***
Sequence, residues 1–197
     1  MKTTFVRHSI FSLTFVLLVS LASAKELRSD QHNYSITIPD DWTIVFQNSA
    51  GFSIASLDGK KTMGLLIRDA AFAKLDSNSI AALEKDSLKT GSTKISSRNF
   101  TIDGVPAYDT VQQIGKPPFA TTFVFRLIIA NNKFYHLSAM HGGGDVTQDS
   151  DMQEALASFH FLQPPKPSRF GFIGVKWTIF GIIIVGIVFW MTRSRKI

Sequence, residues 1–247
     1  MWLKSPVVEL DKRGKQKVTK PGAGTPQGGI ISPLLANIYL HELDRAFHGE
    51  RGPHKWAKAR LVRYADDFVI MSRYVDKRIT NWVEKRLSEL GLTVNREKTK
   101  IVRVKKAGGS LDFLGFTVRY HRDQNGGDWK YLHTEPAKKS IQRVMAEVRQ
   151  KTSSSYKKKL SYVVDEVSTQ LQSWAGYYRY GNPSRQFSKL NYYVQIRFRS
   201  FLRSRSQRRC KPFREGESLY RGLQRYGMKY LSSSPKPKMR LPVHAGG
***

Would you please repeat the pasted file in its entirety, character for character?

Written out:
Sequence, residues 1–197
     1  MKTTFVRHSI FSLTFVLLVS LASAKELRSD QHNYSITIPD DWTIVFQNSA
    51  GFSIASLDGK KTMGLLIRDA AFAKLDSNSI AALEKDSLKT GSTKISSRNF
   101  TIDGVPAYDT VQQIGKPPFA TTFVFRLIIA NNKFYHLSAM HGGGDVTQDS
   151  DMQEALASFH FLQPPKPSRF GFIGVKWTIF GIIIVGIVFW MTRSRKI

Sequence, residues 1–247
     1  MWLKSPVVEL DKRGKQKVTK PGAGTPQGGI ISPLLANIYL HELDRAFHGE
    51  RGPHKWAKAR LVRYADDFVI MSRYVDKRIT NWVEKRLSEL GLTVNREKTK
   101  IVRVKKAGGS LDFLGFTVRY HRDQNGGDWK YLHTEPAKKS IQRVMAEVRQ
   151  KTSSSYKKKL SYVVDEVSTQ LQSWAGYYRY GNPSRQFSKL NYYVQIRFRS
   201  FLRSRSQRRC KPFREGESLY RGLQRYGMKY LSSSPKPKMR LPVHAGG